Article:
I started reading this Times column via a link from a friend’s FB page and started thinking, “hey, this is really good.”  I scanned to the top and thought, “doh, I should’ve realized I’m reading Dave Leonhardt.  Anyway, it is a really thought provoking look–largely based on an interview with Amherst College president, Anthony Marx– at how elite colleges are increasingly the domain of the richest Americans:

When we [Leonhardt and Marx] spoke recently, he mentioned a Georgetown University study of the class of 2010 at the country’s 193 most selective colleges. As entering freshmen, only 15 percent of students came from the bottom half of the income distribution. Sixty-seven percent came from the highest-earning fourth of the distribution. These statistics mean that on many campuses affluent students outnumber middle-class students.

“We claim to be part of the American dream and of a system based on merit and opportunity and talent,” Mr. Marx says. “Yet if at the top places, two-thirds of the students come from the top quartile and only 5 percent come from the bottom quartile, then we are actually part of the problem of the growing economic divide rather than part of the solution.”

That’s not the worst of it, though.  Obviously, fewer poor kids have the background and skills to succeed at top colleges.  The problem is, that even among those who do, they are largely shut out:

The truth is that many of the most capable low- and middle-income students attendcommunity colleges or less selective four-year colleges close to their home. Doing so makes them less likely to graduate from college at all, research has shown. Incredibly, only 44 percent of low-income high school seniors with high standardized test scores enroll in a four-year college, according to a Century Foundation report — compared with about 50 percent of high-income seniors who have average test scores.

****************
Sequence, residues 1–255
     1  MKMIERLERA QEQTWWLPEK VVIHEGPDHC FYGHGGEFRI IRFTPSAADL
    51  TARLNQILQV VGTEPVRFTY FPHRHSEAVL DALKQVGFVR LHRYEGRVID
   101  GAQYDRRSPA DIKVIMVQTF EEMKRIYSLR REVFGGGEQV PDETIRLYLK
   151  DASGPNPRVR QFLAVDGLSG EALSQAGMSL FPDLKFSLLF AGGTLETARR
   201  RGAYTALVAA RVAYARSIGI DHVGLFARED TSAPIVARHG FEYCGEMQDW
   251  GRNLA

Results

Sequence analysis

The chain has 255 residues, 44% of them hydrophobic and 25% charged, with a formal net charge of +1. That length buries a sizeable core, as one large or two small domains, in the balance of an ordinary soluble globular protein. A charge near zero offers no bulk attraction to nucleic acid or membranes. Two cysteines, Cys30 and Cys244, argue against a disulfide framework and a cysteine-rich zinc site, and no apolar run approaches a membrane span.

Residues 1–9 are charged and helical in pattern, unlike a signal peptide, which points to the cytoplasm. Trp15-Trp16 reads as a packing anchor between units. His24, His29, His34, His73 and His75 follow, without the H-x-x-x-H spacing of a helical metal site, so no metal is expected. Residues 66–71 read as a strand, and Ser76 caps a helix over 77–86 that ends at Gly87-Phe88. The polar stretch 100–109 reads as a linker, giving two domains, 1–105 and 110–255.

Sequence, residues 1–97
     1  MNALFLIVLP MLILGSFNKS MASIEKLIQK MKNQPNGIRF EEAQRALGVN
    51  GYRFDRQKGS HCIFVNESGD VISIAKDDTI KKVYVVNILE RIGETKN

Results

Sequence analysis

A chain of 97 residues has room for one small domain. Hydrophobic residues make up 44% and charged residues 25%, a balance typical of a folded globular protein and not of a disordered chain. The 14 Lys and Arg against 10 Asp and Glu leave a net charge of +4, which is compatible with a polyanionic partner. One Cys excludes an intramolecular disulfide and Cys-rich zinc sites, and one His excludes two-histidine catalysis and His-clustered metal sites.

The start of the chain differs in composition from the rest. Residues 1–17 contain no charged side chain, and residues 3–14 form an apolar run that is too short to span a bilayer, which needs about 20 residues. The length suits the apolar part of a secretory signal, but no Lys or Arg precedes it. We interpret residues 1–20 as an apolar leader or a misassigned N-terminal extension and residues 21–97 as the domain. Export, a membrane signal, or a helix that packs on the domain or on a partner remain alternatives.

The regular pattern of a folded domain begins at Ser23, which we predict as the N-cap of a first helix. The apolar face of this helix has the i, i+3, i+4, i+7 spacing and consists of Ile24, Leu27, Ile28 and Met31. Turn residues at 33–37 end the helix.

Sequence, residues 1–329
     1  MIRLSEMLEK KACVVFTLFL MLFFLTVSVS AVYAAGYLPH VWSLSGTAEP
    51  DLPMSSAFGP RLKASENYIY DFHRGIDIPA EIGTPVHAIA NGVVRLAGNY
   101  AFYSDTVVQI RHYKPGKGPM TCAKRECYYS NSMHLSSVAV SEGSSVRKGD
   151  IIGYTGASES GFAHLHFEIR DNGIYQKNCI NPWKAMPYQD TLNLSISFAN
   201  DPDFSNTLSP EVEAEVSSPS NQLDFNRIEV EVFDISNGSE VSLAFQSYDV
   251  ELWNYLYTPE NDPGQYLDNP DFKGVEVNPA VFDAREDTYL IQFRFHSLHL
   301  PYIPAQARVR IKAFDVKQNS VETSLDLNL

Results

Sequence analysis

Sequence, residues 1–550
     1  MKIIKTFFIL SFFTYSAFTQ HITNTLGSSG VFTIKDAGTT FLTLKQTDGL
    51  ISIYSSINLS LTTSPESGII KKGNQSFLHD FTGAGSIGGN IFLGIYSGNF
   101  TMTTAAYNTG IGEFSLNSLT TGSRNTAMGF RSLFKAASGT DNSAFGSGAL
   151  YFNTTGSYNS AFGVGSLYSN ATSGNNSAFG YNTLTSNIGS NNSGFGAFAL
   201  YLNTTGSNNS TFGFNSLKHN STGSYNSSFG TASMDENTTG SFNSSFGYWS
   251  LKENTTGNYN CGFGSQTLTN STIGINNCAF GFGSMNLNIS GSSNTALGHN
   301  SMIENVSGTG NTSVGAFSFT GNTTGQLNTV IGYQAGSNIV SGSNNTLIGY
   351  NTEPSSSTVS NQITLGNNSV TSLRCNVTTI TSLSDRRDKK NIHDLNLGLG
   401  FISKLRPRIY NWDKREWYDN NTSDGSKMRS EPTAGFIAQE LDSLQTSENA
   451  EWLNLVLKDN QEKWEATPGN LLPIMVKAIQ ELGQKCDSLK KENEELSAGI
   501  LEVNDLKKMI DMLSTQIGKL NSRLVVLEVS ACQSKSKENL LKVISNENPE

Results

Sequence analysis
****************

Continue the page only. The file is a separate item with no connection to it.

I think that bolded line in an incredibly damning statement about our society and our visions of an upwardly mobile meritocracy.  The reports authors put it best:

“The extent of wasted human capital,” wrote the report’s authors, Anthony P. Carnevale and Jeff Strohl, “is phenomenal.”

In my experience at Duke, the diversity we had was that the Black and Hispanic students from upper/middle class homes in addition to the majority white students from upper/middle class homes.  I’m sure there was the rare student from the genuinely poor background, but I didn’t know about it.  Marx also makes a really useful point about test scores:

This comparison understates the problem, too, because SAT scores are hardly a pure measure of merit. Well-off students often receive SAT coaching and take the test more than once, Mr. Marx notes, and top colleges reward them for doing both. Colleges also reward students for overseas travel and elaborate community service projects. “Colleges don’t recognize, in the same way, if you work at the neighborhood 7-Eleven to support your family,” he adds.